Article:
Photo via http://ow.ly/YuADn
My favorite time of year is fast approaching. I love to see the layers of snow in my yard start to disappear, revealing patches of green. I have a small square of ground near my front door where daffodils make an early appearance every year. Have you ever stopped to think about the reasons behind the change of seasons? This week, I decided to take a closer look at the seasons, and here’s what I found. Enjoy!
Why Do We Have Four Seasons?
Our earth is tilted and orbits around the sun. This means that sometimes the Southern Hemisphere receives more sunlight than the Northern Hemisphere or vice-versa. When it is summer in the Southern Hemisphere, it is winter in the Northern Hemisphere. The earth’s position and the distribution of sunlight dictate the four seasons.
Photo via http://ow.ly/YuBvD
Subtle and Extreme Seasonal Changes
The change of seasons is more dramatic in areas that are farther away from the equator. The amount of daylight and darkness stays the same year round at the equator. Alternatively, there is a drastic change in the amount of daylight during the summer and winter seasons at the North and South poles. Some cities in northern Alaska receive just four or five hours of daylight on the day of the winter solstice.
Autumn to Winter
In autumn, the position of the earth delivers less sunlight to the Northern Hemisphere and more to the Southern. In winter, the Northern Hemisphere is tilted far away from the sun. This brings on cold temperatures as well as snow and ice. In the Northern Hemisphere, the official start date for winter is Dec. 21.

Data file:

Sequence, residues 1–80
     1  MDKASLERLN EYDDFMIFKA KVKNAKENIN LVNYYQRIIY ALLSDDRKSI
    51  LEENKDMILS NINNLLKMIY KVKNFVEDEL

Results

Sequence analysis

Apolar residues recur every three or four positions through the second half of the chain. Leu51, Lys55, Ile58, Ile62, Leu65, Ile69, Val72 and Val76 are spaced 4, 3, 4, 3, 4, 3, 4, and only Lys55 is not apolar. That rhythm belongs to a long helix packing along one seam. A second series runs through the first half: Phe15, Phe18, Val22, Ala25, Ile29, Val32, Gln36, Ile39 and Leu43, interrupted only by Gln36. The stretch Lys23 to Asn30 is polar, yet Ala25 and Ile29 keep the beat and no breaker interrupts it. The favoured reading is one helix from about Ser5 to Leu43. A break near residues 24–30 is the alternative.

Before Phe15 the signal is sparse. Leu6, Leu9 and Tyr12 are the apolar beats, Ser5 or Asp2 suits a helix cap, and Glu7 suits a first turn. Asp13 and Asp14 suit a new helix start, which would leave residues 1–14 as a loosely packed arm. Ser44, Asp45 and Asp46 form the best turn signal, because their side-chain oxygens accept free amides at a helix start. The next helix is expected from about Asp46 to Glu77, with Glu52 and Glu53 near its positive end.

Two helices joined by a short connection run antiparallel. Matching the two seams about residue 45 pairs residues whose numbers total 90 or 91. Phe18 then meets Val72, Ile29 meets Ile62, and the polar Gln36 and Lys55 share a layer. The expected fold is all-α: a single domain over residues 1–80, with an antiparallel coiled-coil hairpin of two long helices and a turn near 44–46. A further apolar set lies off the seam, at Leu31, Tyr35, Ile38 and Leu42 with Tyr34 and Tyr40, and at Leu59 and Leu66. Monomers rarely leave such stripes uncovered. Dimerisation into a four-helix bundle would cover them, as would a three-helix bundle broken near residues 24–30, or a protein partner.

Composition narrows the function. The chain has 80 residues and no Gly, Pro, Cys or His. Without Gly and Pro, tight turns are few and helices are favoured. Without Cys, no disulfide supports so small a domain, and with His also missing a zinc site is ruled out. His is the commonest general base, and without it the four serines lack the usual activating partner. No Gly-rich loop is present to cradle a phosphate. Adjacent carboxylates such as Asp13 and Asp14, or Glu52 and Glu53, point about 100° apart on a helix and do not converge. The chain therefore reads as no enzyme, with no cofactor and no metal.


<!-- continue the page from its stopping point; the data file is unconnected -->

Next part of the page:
Spring to Summer
As the earth continues to move, there’s an increase in the amount of sunlight experienced in the Northern Hemisphere. The official start date of spring is March 20. By June, the sun is shining directly on the Northern Hemisphere, turning the season to summer.
The Future of the Four Seasons
Scientists have noticed a change in the timing of the seasons. The hottest day of the year as well as the coldest day are occurring earlier than they have in the past. There are many theories as to the cause behind this change. Some scientists say this shift in timing is due to global warming caused by humans, while others say it’s caused by changing wind patterns. In addition, some say that the magnetic pole reversal has something to do with seasonal timing changes. But pole reversal has been a regular occurrence over millions of years and will continue to happen.
The Seasons on Other Planets
I was surprised to learn that other planets experience changes of season, too. But seasonal changes on other planets don’t look the same as they do on Earth. For instance, Venus tilts only three degrees on its axis and has a small orbit. This means the seasons on Venus are short and temperatures don’t vary much. On Mars, there are 687 days in a year, while on Earth, there are 365. This makes the seasons longer on Mars. Plus, Mars’s axis has a larger tilt than Earth does, and Mars doesn’t maintain a regular distance from the sun. The ice caps on Mars grow during the wintertime and melt in the summer. Like Venus, Jupiter’s axis has a slight tilt, resulting in very subtle seasonal changes. But Jupiter is farther from the sun than Venus, which means its seasons are very long. In fact, each season on Jupiter lasts for three years! So be grateful you don’t live on Jupiter, and enjoy the change of seasons here on earth.
Photo of ice caps on Mars, via http://ow.ly/YuCpG